And he did not stand for swearing in his classroom. He cut Dale off when he tried to ask yet another question, to which Dale, a mealy-mouthed little prick, protested innocently that he was just curious about the planes. Mr. Gray cut him off there, too, stating he’d never heard a pronunciation so blatant; as clearly as I remember Dale saying Fucker, I remember the hint of anger with which Mr. Gray said Blatant. Mr. Gray made it clear he knew what Dale was up to, and made it equally clear that he, who ended every day with his clothes covered in his own chalky handwriting, was not impressed.

I’ve thought about that interaction a lot over the past few months. As details have leaked out about the proposed Congressional budget that cut funding from Meals on Wheels, from school lunch programs, from the Environmental Protection Agency; in the last-minute scramble to secure the passage of the now-or–at-least-temporarily-dead AHCA, as Republicans dropped requirements that health insurance cover care received at an emergency room, or pre-natal exams, or new baby care, but added a requirement that new mothers would lose their Medicaid if they hadn’t gotten a job within eight weeks of delivery.

I thought of it earlier this week as Paul Ryan, undoubtedly nursing his wounds from his incredible failure to repeal and replace Obamacare, proudly announced a repeal of another Obama’s rule which had protected hibernating and baby animals from hunters.

I’ve thought of it so often over these past few months as I’ve tried, very seriously, to understand what the fuck is wrong with these people?

Because their proposals, as astoundingly cruel as they are, are also utterly artless. Not only are they as blatant as a shitty little eighth-grader seizing an opportunity to say Fucker in History class, they are just as pointless. There is no goal in the plans they have revealed; you can not look at any of their recent actions and say “Oh, yes, now I understand what these people want.” Instead, it seems as though the only guiding principle at the moment is identifying an opportunity to act like an asshole, and then rushing in to do just that.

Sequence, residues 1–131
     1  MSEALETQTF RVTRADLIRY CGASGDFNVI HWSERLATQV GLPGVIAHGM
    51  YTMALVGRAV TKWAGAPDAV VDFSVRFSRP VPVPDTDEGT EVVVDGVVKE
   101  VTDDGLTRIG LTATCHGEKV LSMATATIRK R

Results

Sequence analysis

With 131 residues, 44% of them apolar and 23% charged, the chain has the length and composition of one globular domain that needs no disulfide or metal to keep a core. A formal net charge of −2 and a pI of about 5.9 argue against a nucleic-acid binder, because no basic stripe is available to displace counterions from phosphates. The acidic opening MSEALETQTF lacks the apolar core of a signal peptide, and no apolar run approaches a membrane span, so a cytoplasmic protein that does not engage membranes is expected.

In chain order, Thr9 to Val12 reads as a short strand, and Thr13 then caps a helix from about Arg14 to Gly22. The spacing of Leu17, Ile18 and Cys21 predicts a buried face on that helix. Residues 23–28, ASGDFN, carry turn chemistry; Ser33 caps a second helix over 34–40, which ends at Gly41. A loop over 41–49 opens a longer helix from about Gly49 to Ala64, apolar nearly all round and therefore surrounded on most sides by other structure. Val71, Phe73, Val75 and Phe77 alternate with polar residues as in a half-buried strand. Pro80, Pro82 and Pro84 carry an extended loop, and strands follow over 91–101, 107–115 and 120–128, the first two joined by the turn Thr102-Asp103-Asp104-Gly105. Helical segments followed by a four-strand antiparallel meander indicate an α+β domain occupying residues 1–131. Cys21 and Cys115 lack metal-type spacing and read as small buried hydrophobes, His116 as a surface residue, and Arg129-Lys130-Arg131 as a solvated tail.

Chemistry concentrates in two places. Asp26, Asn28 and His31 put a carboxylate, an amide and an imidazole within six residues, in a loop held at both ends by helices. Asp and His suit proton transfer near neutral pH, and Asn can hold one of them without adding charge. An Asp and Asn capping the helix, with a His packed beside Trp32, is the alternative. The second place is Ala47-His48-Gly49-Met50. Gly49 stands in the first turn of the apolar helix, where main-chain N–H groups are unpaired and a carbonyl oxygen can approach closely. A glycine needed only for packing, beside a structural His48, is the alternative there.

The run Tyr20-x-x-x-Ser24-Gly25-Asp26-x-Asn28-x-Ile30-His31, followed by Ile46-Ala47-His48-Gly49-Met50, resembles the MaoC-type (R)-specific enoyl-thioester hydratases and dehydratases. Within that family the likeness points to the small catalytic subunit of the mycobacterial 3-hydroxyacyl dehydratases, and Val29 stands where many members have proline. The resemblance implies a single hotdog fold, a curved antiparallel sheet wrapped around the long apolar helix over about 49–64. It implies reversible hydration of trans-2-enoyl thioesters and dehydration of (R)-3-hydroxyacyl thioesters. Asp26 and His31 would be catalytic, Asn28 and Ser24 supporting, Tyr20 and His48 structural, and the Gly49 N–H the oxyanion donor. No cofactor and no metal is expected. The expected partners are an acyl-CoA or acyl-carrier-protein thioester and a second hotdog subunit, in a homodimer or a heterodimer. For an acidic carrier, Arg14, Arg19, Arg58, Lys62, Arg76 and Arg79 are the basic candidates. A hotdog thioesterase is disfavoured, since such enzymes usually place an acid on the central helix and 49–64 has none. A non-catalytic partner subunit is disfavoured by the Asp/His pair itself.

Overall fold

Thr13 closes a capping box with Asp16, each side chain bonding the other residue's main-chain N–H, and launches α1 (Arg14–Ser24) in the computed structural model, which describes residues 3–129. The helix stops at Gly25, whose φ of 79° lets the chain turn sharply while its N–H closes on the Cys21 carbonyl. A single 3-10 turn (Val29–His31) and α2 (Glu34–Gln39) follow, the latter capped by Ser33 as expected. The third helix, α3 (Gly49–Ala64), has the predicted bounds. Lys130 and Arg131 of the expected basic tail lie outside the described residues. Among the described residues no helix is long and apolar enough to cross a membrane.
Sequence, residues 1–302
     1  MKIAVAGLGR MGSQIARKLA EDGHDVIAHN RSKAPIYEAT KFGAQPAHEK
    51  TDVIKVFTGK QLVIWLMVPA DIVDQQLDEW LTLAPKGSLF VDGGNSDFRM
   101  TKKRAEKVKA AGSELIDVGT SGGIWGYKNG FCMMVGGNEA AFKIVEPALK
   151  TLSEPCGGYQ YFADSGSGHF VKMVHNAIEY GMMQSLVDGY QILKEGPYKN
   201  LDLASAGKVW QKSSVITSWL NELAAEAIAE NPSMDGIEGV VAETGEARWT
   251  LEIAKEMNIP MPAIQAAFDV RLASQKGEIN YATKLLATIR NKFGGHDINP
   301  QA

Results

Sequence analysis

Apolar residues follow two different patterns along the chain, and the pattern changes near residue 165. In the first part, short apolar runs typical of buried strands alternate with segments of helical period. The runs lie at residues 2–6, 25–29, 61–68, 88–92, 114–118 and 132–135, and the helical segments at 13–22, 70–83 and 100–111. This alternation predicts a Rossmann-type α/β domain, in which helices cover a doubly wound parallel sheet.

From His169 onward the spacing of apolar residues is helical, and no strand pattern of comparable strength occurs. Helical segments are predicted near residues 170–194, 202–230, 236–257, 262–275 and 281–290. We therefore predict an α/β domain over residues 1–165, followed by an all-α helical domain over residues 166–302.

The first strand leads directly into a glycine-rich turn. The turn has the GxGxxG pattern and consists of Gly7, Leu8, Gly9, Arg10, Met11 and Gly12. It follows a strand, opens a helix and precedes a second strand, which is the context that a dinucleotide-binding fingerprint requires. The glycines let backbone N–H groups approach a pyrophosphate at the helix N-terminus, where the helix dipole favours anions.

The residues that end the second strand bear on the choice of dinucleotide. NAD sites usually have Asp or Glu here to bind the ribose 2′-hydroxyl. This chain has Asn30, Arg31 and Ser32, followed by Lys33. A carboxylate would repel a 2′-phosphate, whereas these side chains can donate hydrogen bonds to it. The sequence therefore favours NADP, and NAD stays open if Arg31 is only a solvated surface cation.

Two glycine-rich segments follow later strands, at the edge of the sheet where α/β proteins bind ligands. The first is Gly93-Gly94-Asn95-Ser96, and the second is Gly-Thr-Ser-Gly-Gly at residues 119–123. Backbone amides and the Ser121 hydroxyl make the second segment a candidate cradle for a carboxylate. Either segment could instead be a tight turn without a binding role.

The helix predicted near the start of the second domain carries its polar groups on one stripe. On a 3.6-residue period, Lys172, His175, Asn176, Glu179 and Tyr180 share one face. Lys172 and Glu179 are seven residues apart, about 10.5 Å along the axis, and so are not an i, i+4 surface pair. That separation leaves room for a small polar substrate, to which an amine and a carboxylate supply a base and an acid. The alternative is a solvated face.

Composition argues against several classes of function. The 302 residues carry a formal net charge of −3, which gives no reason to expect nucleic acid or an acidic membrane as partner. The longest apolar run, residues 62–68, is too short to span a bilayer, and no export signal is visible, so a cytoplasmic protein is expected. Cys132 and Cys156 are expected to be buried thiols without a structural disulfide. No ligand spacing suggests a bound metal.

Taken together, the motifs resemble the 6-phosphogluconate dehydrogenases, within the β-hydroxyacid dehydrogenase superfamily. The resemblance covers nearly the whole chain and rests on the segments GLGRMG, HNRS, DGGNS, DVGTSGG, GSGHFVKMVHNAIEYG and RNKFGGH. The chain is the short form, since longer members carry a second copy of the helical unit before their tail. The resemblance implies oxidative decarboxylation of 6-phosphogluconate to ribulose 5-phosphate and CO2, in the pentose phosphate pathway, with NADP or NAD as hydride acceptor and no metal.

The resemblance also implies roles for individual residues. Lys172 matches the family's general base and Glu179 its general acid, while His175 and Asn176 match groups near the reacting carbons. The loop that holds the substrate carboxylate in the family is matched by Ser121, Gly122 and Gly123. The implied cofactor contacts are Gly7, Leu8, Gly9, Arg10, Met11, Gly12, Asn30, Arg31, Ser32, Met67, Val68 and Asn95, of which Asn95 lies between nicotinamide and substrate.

More than anything, though, in this moment, I admire the authority of Mr. Gray. Suddenly, as the country has been over-run by inimical eighth-graders, who believe themselves clever even while being too self-satisfied to see that no one is impressed by them, Mr. Gray has become the hero we need. Not letting bullshit pass, when it would be easy to do so, particularly after years of the same bullshit being flung your way. Recognizing your moral duty to be a leader, and stepping in to support those with the difficult job of sharing information that, due to its nature, might be easily dismissed or mocked by morons. Curtailing xenophobia and providing a lesson in recognizing that similar sounding words can mean different things in different languages (false cognates, these words are called, if you’re interested.) Persisting, yes, in the face of an unchanging tide of ill-informed students rolling into his class every year. Most importantly of all, understanding the importance of history, the details that matter, and how they continue to impact us today.

And so, among the many people who have risen to the challenge of inspiring others to act – for decency, for equality, and, yes, for freedom – for me, Mr. Gray stands tall and deserves to be recognized for his sterling efforts. Inanity is exhausting, but, even when the stakes were low, he never let the bastards grind him down. I hope, in the months ahead, I will do him proud.